oil on canvas, 51.2 x 37.8 in. (130 x 96 cm),
The Museu Picasso also highlights an aspect of Picasso traditionally overlooked.  This is the artist's long-term friendship with Jaume Sabartés (1881 - 1968).  The museum's very existence may be attributed to this man.

Pablo Picasso (1881 - 1973), Blue portrait of Jaume Sabartés, 1901,
oil on canvas, 18.1 x 15.0 in. (46 x 38 cm),
Museu Picasso, Barcelona
Photo: Museu Picasso Web site 

Sabartés was an artist and writer of prose and poetry.  He met Picasso in 1899 and became part of the painter's artistic circle in Barcelona and later Paris.  Always an enthusiastic supporter of Picasso's work, he wrote about the artist's life and art. 

In 1935, he became Picasso's personal Secretary. Twenty-five years later, Sabartés initiated the founding of a museum devoted to Picasso. In 1963 the museum opened.  At the time, its holdings were primarily made up of Sabartés's personal Picasso collection.  In fact, the museum at first was named, the Sabartés Collection.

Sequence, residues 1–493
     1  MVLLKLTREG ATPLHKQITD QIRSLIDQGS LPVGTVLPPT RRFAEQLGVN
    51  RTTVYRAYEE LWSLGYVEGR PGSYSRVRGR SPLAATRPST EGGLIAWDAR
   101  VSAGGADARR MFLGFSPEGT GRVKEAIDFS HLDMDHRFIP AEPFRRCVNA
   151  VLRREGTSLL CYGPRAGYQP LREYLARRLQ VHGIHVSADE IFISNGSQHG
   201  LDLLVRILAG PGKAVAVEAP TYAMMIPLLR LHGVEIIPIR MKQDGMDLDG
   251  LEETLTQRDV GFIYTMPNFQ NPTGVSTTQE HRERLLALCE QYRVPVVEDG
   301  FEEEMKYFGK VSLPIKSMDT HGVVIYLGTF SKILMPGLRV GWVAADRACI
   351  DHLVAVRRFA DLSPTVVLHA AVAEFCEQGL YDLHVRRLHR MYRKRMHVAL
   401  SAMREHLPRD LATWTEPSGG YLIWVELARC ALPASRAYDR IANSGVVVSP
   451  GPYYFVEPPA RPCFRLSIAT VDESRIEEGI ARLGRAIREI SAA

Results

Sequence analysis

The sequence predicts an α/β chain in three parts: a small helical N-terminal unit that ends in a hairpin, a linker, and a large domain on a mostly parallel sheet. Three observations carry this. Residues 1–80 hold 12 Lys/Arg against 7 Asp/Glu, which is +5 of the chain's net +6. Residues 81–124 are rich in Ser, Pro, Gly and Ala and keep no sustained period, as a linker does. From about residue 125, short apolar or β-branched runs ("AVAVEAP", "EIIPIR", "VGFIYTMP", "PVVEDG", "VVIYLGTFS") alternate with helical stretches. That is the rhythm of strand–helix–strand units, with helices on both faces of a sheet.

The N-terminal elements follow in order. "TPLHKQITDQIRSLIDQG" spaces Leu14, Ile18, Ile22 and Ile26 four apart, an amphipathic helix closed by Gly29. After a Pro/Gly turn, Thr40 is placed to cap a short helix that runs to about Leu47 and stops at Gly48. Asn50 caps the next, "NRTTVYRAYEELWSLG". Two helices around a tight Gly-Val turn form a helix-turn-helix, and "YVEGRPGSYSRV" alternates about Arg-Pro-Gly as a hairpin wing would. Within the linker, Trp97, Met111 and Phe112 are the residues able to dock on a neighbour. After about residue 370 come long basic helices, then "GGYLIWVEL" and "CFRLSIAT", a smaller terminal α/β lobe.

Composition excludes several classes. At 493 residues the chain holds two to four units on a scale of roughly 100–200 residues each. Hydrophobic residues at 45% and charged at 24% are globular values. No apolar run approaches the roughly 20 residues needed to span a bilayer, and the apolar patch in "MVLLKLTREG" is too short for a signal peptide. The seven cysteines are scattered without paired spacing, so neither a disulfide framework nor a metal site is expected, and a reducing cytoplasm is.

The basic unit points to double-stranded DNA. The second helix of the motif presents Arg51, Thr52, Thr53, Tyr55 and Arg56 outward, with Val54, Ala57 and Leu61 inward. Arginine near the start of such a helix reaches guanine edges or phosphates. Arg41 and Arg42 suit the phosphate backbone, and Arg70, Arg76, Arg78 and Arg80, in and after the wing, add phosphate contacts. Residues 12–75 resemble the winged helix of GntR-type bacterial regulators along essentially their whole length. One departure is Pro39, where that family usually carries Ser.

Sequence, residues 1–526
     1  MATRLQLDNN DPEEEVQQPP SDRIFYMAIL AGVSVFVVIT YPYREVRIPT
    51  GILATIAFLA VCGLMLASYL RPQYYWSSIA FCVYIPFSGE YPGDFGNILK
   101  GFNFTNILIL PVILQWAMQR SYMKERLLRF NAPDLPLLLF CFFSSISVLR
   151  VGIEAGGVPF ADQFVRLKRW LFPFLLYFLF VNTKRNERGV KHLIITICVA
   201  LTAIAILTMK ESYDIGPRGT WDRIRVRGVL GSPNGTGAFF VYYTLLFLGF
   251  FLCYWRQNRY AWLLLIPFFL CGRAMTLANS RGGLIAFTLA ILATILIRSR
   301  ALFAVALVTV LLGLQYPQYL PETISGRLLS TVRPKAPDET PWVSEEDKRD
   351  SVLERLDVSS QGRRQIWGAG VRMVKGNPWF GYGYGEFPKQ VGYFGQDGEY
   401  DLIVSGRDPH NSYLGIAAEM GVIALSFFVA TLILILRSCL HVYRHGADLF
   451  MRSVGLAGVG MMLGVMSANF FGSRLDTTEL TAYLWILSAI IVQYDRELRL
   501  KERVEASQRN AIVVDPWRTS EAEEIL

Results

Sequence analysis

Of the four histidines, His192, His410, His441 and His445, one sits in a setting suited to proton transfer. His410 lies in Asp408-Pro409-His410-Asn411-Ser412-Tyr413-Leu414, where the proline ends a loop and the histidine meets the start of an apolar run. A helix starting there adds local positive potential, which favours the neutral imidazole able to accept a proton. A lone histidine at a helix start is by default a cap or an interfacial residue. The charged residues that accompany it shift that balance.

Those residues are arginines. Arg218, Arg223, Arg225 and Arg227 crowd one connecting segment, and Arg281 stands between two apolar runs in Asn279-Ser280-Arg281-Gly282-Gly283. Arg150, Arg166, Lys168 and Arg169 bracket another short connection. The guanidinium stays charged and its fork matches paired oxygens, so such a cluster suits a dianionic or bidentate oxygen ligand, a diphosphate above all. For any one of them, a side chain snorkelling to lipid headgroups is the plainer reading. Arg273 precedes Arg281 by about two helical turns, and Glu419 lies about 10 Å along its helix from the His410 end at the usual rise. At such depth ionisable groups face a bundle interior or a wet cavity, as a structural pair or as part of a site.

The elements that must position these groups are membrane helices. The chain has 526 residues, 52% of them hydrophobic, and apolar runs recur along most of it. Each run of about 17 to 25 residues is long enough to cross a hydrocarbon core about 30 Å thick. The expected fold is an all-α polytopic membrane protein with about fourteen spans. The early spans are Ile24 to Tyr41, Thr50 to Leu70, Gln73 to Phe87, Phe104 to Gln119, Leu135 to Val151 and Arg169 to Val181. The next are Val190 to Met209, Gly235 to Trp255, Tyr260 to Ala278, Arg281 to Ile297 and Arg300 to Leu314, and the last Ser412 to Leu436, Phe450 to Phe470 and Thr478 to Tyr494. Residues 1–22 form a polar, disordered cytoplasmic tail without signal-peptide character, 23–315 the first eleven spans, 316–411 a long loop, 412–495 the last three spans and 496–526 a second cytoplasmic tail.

From the year they met, throughout his life, Picasso drew, sketched and painted his friend.  A number of these portraits may be seen at the museum.  They attest to the closeness of the two men and reveal a Picasso who delights in the intimacy of a lasting, close relationship.

Pablo Picasso (1881 - 1973), Portrait of Jaume Sabartés and the actress Esther Williams, 
23 May 1957, colored grease pencils on magazine printed paper
14.0 x 10.4 in. (35.6 x 26.5 cm),

My experience of revisiting the Museu Picasso made me remember a viewing truth: when the opportunity presents itself to see works by a great artist, don't miss it.  

*See image below for reference.
Diego Rodríguez de Silva y Velázquez ( 1599-1660), 
Las Meninas1656, oil on canvas, 
125.2 × 108.7 in. (318 × 276  cm)
Photo:  Wikipedia